For sawing through nails, many people prefer the reciprocating saw. One of these would be a good choice. Fit it with blades such as these, designed for nail-embedded wood. Just be careful, because recip saws like to jump all over the place if you're not careful. I wouldn't try to do rip cuts with a reciprocating saw, either, although I'm sure it can be done.
If you used a reciprocating saw to get the pallets apart, the rails or stringers will be full of nails. These nails are tough to extract. If you want to rip down this lumber to make stuff, you'll have to get a "nail cutting" circular saw blade for your tablesaw. For some reason there is a scarcity of 10" nail-cutting blades for these things, but you can safely put a 7 1/4" circular saw blade in your table saw if it has the right arbor diameter. Get yourself two or three of these if you're going to do much pallet work. The reduced blade diameter will limit what kind of lumber you can rip with it, but you should still be able to rip lumber that's two inches thick. Most stringer lumber is only one-and-a-half to two inches thick.
If shorter sections of wood are of any use to you, here's a super-lazy way to dismantle pallets. Simply saw the planks away from the stringers by cutting where there are no nails.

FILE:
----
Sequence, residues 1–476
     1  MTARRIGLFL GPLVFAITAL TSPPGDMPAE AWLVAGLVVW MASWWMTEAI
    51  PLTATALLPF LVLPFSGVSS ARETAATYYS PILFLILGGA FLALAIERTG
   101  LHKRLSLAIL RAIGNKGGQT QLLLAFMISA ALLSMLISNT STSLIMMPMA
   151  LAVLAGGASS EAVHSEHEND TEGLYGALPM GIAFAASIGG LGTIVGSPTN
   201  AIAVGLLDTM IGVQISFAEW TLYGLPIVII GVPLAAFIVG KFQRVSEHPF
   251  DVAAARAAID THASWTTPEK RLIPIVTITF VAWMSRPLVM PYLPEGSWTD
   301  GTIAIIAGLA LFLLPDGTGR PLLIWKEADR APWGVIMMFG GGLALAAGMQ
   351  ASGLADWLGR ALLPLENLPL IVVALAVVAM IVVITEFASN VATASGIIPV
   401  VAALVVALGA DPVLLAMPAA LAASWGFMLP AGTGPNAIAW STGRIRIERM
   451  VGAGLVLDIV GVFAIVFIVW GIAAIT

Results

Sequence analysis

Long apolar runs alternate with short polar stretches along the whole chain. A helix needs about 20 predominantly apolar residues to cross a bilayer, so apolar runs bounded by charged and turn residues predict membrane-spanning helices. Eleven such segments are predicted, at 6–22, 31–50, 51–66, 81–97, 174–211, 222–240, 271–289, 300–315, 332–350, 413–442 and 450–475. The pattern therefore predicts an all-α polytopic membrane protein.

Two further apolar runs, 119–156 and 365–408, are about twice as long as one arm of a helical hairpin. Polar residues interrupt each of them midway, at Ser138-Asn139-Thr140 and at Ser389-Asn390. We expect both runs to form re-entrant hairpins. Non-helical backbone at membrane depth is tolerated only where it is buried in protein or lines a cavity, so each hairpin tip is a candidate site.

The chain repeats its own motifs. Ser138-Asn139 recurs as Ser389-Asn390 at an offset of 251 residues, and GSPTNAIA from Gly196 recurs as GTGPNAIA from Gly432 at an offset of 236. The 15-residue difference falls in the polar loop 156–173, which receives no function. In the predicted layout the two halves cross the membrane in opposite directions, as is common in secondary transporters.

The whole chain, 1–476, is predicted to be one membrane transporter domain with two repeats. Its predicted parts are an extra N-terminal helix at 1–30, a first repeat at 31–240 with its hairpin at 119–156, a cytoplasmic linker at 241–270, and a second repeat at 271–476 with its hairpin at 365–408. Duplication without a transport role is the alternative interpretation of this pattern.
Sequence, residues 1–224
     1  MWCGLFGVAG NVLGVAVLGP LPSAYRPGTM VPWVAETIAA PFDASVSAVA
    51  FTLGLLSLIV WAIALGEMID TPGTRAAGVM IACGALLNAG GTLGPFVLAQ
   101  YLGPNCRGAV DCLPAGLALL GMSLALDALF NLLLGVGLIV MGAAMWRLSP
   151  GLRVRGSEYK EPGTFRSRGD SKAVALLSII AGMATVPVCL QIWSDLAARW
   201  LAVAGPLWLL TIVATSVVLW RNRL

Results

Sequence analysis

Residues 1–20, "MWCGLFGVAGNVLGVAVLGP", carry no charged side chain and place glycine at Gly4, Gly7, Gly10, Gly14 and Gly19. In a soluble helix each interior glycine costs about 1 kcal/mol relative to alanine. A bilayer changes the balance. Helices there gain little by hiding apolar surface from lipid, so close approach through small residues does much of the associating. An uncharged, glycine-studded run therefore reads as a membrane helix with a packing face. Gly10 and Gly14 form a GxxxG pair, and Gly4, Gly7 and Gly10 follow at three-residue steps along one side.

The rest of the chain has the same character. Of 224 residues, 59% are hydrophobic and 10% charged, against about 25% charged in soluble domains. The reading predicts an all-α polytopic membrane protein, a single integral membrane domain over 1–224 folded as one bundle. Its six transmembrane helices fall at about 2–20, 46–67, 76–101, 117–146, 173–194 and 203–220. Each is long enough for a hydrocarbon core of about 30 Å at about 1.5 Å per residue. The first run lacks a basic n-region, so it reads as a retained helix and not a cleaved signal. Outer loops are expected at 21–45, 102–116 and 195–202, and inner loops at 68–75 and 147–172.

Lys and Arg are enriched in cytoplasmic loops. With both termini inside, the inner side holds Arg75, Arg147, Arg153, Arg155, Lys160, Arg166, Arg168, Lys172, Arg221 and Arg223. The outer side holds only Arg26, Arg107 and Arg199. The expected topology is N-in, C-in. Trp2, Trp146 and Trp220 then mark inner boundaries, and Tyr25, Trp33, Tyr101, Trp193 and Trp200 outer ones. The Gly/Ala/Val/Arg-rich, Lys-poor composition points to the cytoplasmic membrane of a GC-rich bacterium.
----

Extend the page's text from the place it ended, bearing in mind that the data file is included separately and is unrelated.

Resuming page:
Get yourself a semi-decent jigsaw and cut the slats away from the pallet, as close to the nailed portions as possible (without hitting nails or anything.) Leave the nails that anchor the deck plank to the center stringer. That's because once you get each plank-end free, you can often pry back and forth and extract those nails from the stringer without breaking them off.
As I said, this lazy method will give you shorter sections of lumber. This may limit your projects to little boxes, hanging shelves, spice racks, and that sort of thing. In other words, if you're planning to build picnic tables or something, you may need to deal with some nails in the wood.
Pallets can be a challenge to disassemble properly, but it's all about the technique. A crowbar and a stone chisel are two of the most basic methods. The crowbar gets the nails out (maybe) but splits the wood; the stone chisel preserves more wood but leaves the nails in.
The hammer-and-block method works well for many pallets; it might not be the only correct method, but it's good to know.
A reciprocating saw will dismantle a pallet the fastest, but it also leaves all the nails in the wood. Depending on what you're making, this might or might not be a problem.
What's the right way to disassemble pallets? Well, that depends on what tools you have, how the pallets are constructed, and what you want to do with the lumber.
Whichever method you choose, chances are you will have some lumber that still has nails in it. Hammer-and-block leaves probably the fewest, but any method will leave some in the wood. When you have to make crosscuts or especially rip cuts in this type of lumber, use a nail cutting saw blade for your table saw.
This has been a look at how to disassemble pallets so you can make cool or useful stuff out of them. I hope you've enjoyed it. Thanks for reading!